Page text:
The second part of the volume includes the remaining eight chronological contributions and represents the most interesting part of the book. Indeed, the second section offers an overview on the most recent studies that Renato Moro’s students developed by treasuring his teachings. In this sense, the contributors do not simply survey and evaluate Moro’s work, but also testify how these lines of research have been further developed by a new generation of scholars.
What immediately emerges is the predominance of interest in the history of Christian Democracy in Italy. Indeed, half of the chapters in this section are devoted to the history of the DC political party both in Italy and beyond. Maurizio Zinni’s contribution reflects on the issue of “Catholic culture.” According to Zinni, focusing on “Catholic culture” helps historians to recognize the inner evolution of the DC, both structural and ideal (157).
Then, the two following chapters by Paolo Acanfora and Andrea Argenio analyze DC political relations outside of Italy. While Argenio’s contribution concerns the affiliation between the DC and Charles De Gaulle, Acanfora reflects on the role that the Christian-inspired parties have played “in the unification process and in European institutions.” He states that Pro-Europeanism definitely “has been one of the basic elements of Democratic-Christian ideology and propaganda” (164). But this ideology has limits; Aconfora concludes by arguing that a failure to promote a concrete idea of a European homeland, especially due to the divergences within the various delegations from Christian-inspired parties, restricted European unification (185).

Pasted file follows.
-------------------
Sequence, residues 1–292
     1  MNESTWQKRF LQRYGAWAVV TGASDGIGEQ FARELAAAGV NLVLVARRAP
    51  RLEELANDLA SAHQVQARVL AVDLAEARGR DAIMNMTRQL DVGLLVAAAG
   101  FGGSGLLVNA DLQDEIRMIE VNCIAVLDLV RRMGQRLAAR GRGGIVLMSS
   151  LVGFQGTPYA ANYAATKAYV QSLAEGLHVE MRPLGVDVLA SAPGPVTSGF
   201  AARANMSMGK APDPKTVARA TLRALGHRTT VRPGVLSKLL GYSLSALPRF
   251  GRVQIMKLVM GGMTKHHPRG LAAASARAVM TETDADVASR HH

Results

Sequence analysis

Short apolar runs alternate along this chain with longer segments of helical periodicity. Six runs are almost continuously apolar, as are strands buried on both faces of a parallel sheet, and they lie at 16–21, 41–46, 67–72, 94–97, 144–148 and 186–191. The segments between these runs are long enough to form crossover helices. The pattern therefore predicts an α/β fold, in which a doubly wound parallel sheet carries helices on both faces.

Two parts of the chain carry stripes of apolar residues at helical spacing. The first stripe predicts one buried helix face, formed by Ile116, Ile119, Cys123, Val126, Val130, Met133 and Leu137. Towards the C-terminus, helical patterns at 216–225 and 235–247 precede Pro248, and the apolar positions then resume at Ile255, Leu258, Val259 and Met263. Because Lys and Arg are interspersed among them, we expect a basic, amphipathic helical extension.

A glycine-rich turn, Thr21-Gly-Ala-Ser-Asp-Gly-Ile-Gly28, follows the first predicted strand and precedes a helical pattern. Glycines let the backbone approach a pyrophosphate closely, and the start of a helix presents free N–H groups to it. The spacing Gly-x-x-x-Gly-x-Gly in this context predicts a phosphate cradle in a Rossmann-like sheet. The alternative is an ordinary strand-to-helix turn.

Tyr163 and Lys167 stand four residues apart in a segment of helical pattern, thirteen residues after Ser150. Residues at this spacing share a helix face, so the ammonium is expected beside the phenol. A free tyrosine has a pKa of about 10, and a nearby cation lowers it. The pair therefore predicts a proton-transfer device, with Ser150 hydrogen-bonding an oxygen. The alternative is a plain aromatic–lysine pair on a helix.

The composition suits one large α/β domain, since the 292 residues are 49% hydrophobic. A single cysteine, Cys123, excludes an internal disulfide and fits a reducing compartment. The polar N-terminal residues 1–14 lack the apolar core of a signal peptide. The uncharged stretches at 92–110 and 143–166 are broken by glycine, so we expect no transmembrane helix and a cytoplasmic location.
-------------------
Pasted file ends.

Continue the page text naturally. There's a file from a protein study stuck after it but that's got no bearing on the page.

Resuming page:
Giovanni M. Ceci’s article is the last one dedicated to the DC Party. Portions of a larger project, his dense contribution aims to reconstruct the reactions of the Christian Democrat ruling class to the possible consequences of the end of communism and the Cold War on the national political system (230). He argues that mixed feelings and positions emerged among DC leaders following the fall of the Berlin Wall. If Flaminio Piccoli (1915-2000) claimed that an “immense light” had “opened in our favor,” other proponents were more cautious due to the future instabilities, high tensions, and potential risks that such policy changes would have induced (233).
Two other chapters by Leopoldo Nuti and Laura Ciglioni focus on the historiography of peace and anti-nuclear movements. Here, the underlying debt of Moro’s research led not to Mosse’s work as to that of another University of Wisconsin-Madison historian, Merle Curti (1897-1997), who helped found peace and conflict studies as a field of research in its own right. Along this line, Leopoldo Nuti retrieves his own previous research on the nuclear debate in Italy and the Euromissiles Crisis. Following Renato Moro’s writings on the topic, his contribution concentrates on the mass mobilization against nuclear weapons which represented an extraordinary moment in Italian history. Although the anti-nuclear movement did not achieve its desired results, according to Nuti, similar forces played a more prominent role later, especially in the crisis of the early Italian republic (227).
Laura Ciglioni’s article deals instead with the development of the peace movement in relation to the outbreak of the Gulf War (1990-1991). Italian public opinion at the time was against military action and sending Italian armed forces to the Gulf. Indeed, a heterogeneous pacifist front mobilized in Italy and attempted to oppose armed intervention, strongly contesting the nature of the ongoing military action (288). According to Ciglioni, the Gulf War thereby represented for the development of peace movements a pivotal moment in a difficult transitional period between the Cold War and the post-1989 world (319).